Category Archives: Green

About Those Cows….

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When work , laundry, dishes are all piling up and you want to run away from it all, the best place to go is Pinterest. I know because I have been there a lot. Scrolling down the crafts feed is bewildering:  it is simply bursting with ideas for rustic, barn weddings: lots of burlap, distressed wood, tables laid out on emerald green fields with a picturesque cow or a duck adding an idyllic note. This gorgeous visual has very little to do with an actual, working farm as one writer pointed out here, but neither is it true, as the piece describes, that in the real world cows are raised in “warehouses” and are a source of pollution. In the comments, those who actually raise cows contributed facts to the discussion, most of which would be new to that many among us, far removed as we are from the realities of food production.

It is common to read about cows contributing to global warming by releasing methane into the atmosphere. It is argued that if we stopped raising cows for food, this would be a greener choice. But if we just stopped eating beef what would happen to the cows? Well, they would live long and prosper, (check out the calculations in this excellent blog) leading to exploding cow populations which would be standing there chewing, polluting and watching barn weddings and wondering what this was all about. The only way to do away with the methane problem would be to actually kill all the cows.

The other great debate centers around the question : “what is an authentic cow?” What is the difference between a cow grown on GMO feed and one that is not? Surely, there must be a difference, the former cannot be the same as the cows our ancestors raised. But, in fact, they are exactly the same: the animals are the same,the milk and the meat are the same. This study looked at livestock productivity and health from public sources for 100 billion animals, starting at 1983 before the introduction of GMO feed in 1996,  through to 2011 which had high levels of GMO feed in use; and found no negative effects on livestock health or humans who consumed animal products.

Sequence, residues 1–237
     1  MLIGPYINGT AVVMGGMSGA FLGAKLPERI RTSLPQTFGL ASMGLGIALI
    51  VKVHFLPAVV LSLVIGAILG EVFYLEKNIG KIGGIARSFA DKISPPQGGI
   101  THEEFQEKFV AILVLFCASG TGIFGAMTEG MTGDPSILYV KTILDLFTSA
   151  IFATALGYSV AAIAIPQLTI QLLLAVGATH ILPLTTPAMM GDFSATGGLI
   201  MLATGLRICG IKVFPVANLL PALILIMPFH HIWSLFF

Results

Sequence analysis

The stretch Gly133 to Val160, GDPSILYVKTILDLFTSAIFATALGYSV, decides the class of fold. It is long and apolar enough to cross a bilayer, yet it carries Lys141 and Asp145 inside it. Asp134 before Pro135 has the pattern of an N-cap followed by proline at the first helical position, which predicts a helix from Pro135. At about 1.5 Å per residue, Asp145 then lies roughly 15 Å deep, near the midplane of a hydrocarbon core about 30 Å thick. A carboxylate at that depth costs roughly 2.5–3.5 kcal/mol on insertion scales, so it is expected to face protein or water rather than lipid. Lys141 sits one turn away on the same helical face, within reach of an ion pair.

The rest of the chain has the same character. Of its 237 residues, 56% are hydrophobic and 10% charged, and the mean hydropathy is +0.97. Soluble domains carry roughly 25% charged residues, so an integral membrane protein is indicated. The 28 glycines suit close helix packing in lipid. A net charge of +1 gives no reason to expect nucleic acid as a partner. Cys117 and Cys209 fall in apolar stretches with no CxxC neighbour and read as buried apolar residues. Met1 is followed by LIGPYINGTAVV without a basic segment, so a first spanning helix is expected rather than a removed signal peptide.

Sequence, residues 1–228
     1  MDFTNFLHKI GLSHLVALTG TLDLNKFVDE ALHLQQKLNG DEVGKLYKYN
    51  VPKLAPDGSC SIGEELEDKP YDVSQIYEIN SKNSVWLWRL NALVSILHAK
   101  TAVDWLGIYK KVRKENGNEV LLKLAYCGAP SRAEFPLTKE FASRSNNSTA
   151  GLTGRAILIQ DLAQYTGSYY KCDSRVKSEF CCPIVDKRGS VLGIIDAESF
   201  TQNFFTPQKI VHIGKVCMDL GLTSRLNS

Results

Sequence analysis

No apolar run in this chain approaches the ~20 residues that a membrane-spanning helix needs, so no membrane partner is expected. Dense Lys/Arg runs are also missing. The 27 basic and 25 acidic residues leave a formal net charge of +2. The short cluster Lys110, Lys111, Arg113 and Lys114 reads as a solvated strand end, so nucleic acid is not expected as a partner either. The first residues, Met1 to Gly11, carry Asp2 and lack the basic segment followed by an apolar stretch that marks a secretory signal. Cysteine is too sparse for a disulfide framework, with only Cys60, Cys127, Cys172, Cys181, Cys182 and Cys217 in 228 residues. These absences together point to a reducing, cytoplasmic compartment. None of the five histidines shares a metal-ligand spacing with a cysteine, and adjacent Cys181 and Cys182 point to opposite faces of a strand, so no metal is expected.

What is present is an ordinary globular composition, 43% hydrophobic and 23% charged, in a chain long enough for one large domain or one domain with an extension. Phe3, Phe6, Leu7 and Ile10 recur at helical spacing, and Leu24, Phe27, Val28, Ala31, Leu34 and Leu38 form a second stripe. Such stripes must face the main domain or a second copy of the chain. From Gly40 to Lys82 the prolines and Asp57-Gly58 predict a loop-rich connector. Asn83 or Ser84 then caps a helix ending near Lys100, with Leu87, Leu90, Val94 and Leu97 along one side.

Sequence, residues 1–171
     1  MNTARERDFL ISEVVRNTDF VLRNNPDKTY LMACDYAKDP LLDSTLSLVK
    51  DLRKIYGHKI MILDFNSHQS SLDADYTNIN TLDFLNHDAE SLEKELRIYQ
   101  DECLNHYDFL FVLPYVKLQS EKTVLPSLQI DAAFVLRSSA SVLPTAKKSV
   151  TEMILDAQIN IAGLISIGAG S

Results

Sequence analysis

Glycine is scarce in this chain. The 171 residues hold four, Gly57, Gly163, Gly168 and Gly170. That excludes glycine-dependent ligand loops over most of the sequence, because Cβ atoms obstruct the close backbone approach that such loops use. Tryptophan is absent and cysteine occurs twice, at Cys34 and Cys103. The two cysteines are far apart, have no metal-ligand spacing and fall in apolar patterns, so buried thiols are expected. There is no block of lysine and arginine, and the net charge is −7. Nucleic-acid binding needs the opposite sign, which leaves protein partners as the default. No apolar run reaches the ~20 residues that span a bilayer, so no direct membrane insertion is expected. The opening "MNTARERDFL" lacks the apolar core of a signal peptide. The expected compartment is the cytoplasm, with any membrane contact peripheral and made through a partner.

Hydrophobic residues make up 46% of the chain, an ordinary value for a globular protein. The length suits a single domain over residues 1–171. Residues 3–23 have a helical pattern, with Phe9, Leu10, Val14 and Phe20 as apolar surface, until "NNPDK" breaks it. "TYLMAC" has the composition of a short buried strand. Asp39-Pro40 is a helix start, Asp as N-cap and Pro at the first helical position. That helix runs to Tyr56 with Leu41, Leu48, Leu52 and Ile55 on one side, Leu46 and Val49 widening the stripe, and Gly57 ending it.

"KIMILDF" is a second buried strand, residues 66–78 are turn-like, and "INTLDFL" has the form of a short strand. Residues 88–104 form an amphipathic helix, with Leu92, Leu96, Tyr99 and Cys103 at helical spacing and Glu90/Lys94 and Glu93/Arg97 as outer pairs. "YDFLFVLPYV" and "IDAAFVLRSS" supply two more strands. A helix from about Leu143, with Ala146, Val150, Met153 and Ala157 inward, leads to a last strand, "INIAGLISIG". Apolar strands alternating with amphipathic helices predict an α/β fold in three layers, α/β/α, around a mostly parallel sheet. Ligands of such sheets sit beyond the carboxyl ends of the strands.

And still, today, social media is bursting with people who are concerned because not enough tests have been done over a long enough period of time. “Facts do not cease to exist because they are ignored.” Neither, sadly, do dishes, no matter how beguiling the alternative!

(Image Courtesy: freedigitalphotos.net)

 

Conservation and Agriculture in the Age of Climate Change

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When I first started learning and writing about food issues, it was the food landscape that was in my mind: the growing of food, its journey to markets and stores and, finally, to our homes and the table. As climate change moves into the center of our lives and we realize its enormous impact  on our environment, I am starting to look at the landscape in a different way, one where the need for conservation and food production exist in the same landscape. The challenge, I am learning, is to balance the need for food with the need for conservation at a time of climate uncertainty.

We depend on the land and water sources for food but no farm land has important benefits too. Woodlands, grassy areas, slow down the movement of pathogens and pesticides into the rivers and lakes, are providing a sort of natural filter for our water supply. Preserving natural habitat on farms provides a living area for pests that serve as predators for primary pests that attack crops and thus reduce the need for pesticide to control agricultural pests. There is a perception that  food production and biodiversity conservation are opposed goals, the solution actually lies in achieving the best balance we can between these ends.

What is crucial is recognition that there are competing uses of land and we have to find the optimum strategy to achieve biodiversity conservation, agriculture, urban development and carbon storage. I wanted to share in this post some examples of  an approach that looks at the entire landscape and handles several variables at once:  improving soil health, conserving habitats, lowering emissions, and ensuring food and livelihood security.

So what tools can we use, what are the strategies to follow? There are examples from different countries which have all looked at this issue.In essence, the idea centers around a more considered and thoughtful use of the landscape and its resources. Different policies give varying results and solutions that arise in response to local circumstances are likelier to succeed. In an example from Argentina , market led agricultural expansion resulted in the  deforestation of 8,000 hectares in one area but also led to a fall in grazing intensity. This meant a better recovery of wildlife habitat in the remaining area which is not being cultivated. In another part of the same region, government support for farms to provide incomes and increase food production has negatively impacted the local fauna and resulted in forest degradation because more people have moved in but the food production continues to be low.